Standards for determining the permissibility of a bank or federal savings association (FSA) acquiring and holding real estate used as its premises (FSA), and leasing excess space or capacity, would be defined and incorporated in agency rules under a proposal issued Monday by the Office of the Comptroller of the Currency (OCC).
The proposed rule would, for the first time, define and implement an occupancy test and excess capacity standards. Bank-occupied premises, the OCC said, would be defined as real estate “acquired and held in good faith” in which more than 50% of each building or severable piece of land is used by bank persons, including facilities that may be operated by third parties to provide amenities and services to bank persons or otherwise facilitate bank business operations. The proposed rule also notes that a bank or FSA may, in order to optimize the use of bank-occupied premises or avoid economic loss or waste, permit third parties to use excess space or capacity in real estate legitimately acquired or developed by the national bank or FSA for its banking business.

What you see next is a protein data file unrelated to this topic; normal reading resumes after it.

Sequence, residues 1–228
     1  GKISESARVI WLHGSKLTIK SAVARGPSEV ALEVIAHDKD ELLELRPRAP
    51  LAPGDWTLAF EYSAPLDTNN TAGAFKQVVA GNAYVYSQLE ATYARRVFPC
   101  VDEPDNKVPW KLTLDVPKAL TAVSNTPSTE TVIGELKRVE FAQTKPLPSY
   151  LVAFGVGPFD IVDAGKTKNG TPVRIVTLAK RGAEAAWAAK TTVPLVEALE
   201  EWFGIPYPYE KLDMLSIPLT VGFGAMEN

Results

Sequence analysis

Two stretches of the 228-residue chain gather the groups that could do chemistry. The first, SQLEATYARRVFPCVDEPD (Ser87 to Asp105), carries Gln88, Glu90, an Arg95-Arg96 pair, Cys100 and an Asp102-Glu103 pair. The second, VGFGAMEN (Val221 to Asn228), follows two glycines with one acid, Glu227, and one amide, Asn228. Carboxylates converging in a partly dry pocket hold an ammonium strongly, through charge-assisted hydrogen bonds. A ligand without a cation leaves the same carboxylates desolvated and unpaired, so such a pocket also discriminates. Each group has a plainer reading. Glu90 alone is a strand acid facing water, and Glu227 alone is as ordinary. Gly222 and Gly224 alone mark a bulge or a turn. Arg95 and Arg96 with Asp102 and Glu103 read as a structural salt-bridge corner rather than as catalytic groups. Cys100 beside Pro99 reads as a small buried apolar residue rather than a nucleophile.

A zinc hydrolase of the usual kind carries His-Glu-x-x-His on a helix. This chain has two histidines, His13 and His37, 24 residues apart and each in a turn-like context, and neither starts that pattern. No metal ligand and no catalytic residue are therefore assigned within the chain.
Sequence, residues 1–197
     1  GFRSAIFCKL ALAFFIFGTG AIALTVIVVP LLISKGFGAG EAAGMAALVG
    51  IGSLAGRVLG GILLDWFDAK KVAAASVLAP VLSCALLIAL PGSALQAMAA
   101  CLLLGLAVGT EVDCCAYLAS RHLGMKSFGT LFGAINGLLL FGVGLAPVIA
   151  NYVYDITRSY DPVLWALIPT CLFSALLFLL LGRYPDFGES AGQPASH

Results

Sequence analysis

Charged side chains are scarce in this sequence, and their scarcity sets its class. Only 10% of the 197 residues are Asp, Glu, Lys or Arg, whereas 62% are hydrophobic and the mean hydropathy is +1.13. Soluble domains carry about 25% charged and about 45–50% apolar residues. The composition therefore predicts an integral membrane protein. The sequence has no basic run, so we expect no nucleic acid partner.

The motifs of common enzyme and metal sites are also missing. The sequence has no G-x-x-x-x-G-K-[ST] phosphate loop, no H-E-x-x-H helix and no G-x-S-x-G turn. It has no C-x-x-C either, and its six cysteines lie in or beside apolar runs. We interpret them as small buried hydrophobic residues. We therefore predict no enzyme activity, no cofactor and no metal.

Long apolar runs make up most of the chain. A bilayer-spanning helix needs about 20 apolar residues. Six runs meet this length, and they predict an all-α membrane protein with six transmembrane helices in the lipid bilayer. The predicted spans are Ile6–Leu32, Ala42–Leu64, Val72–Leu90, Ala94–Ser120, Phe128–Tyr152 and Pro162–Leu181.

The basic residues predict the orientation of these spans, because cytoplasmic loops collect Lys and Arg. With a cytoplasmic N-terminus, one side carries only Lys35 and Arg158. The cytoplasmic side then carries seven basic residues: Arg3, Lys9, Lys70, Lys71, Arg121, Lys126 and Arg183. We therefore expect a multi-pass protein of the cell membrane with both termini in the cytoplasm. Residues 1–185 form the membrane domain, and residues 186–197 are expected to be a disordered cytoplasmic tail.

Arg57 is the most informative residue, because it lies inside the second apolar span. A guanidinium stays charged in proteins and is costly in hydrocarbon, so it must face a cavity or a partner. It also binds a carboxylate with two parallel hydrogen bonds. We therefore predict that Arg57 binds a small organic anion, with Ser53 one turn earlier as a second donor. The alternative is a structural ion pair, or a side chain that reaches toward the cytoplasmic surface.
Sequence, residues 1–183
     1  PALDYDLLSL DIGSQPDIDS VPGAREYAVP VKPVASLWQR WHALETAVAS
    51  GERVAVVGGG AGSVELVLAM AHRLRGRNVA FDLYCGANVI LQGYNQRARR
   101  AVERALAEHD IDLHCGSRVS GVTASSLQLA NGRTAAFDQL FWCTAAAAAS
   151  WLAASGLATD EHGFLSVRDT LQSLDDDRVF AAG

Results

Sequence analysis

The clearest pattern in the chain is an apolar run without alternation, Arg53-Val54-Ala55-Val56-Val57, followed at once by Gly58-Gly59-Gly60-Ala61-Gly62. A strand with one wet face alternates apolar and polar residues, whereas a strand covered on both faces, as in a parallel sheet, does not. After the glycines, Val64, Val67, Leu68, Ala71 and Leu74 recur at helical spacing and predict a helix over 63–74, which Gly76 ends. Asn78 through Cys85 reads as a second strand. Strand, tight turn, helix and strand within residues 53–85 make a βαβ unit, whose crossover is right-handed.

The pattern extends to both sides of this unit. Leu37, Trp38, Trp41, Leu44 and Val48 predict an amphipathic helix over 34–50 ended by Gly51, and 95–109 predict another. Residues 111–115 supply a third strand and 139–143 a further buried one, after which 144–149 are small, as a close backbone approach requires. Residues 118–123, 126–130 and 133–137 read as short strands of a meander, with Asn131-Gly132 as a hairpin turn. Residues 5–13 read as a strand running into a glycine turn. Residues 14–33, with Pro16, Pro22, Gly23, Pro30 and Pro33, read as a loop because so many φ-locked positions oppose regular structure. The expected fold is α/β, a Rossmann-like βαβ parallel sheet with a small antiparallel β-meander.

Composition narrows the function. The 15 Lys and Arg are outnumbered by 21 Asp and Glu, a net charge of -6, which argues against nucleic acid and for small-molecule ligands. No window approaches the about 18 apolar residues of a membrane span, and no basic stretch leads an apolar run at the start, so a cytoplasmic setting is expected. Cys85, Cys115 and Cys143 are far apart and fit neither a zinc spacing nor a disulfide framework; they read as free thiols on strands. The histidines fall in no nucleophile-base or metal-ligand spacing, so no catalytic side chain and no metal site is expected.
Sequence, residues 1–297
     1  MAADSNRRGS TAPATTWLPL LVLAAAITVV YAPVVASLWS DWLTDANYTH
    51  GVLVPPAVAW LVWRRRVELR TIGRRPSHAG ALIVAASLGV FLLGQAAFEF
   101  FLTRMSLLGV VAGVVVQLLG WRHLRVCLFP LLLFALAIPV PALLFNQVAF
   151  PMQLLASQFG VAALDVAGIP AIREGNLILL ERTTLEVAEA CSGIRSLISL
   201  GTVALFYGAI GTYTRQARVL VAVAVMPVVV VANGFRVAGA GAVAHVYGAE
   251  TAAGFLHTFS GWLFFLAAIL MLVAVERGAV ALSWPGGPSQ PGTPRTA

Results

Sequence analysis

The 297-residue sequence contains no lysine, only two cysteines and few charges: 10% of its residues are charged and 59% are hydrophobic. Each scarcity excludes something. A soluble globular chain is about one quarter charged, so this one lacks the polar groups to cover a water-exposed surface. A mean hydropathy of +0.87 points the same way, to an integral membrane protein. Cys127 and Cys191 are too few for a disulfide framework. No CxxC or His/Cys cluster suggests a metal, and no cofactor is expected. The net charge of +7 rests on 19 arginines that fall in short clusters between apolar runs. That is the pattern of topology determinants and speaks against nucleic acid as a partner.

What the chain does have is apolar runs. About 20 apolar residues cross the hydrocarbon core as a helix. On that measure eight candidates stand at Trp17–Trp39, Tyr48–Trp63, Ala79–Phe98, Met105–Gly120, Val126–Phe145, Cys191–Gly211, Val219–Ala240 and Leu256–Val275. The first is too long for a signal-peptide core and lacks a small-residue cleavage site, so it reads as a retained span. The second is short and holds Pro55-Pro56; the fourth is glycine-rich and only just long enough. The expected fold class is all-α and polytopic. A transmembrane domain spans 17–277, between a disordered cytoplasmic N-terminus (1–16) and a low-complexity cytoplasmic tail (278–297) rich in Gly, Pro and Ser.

The OCC is seeking input on a wide range of issues, including the agency’s proposal to combine the rules for banks’ and thrifts’ premises into one rule; types of excess capacity (“temporal” or space-based); acquisition of real estate to accommodate future expansion or bank needs; and more.
The agency said its proposed rule would also consolidate the OCC’s rules on sharing national bank or FSA space and employees with the rule covering ownership of property. “The agency proposes to continue to cover the national bank and Federal savings association charters under the same regulation, but, because different statutory regimes cover each charter, the OCC seeks comment on whether to apply different requirements to national banks and Federal savings associations,” the agency said in its notice.
Comments will be due 45 days after the proposal is published in the Federal Register.